The tiny "caps" that keep our chromosomes from fusing together are also providing clues that could eventually lead to the achievement of one our nation's most important public health goals: extending good health well into old age.
These caps are called telomeres, and they're at the center of much of the current research into the aging process. A study recently published in science journal The Lancet links the lengths of telomeres with rate of survival among people over 60, the first study to make this connection.
What are Telomeres?
To help understand the role telomeres play within the human body, it's useful to review some basic biology. All of the tissues within the human body are made up of individual cells. These cells contain chromosomes within their nuclei. Chromosomes are the packages that hold most of our DNA - the genetic instructions that tell the cell what to do.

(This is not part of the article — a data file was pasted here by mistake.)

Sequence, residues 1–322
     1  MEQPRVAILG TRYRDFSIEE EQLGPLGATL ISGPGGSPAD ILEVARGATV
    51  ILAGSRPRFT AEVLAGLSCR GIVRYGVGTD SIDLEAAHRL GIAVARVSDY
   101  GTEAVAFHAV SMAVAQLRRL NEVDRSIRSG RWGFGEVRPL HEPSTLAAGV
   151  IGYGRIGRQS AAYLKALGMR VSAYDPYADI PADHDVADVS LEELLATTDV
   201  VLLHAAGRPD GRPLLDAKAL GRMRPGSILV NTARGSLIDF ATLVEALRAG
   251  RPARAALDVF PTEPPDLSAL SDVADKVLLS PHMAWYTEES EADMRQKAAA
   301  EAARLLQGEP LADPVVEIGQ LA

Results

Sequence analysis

Telomeres are repeating DNA sequences at the ends of the chromosomes. They do not contain any genetic instructions; they simply repeat a sequence of DNA over and over. When we are young, the telomeres are very long - they may contain as many as 20,000 base pairs of DNA.
What do Telomeres do?
Telomeres are thought to serve a couple of purposes within human cells. One, the telomeres form end caps for their chromosomes. Without them, the body would have no way to know where the chromosomes ended. It would treat them as "broken" pieces of DNA and would attempt to repair them by joining them with other chromosomes. With telomeres, the body can tell where one chromosome ends and another begins.
Second, scientists theorize that telomeres may serve as genetic "clocks." As we grow and age, our cells divide. One parent cell divides into two daughter cells, making...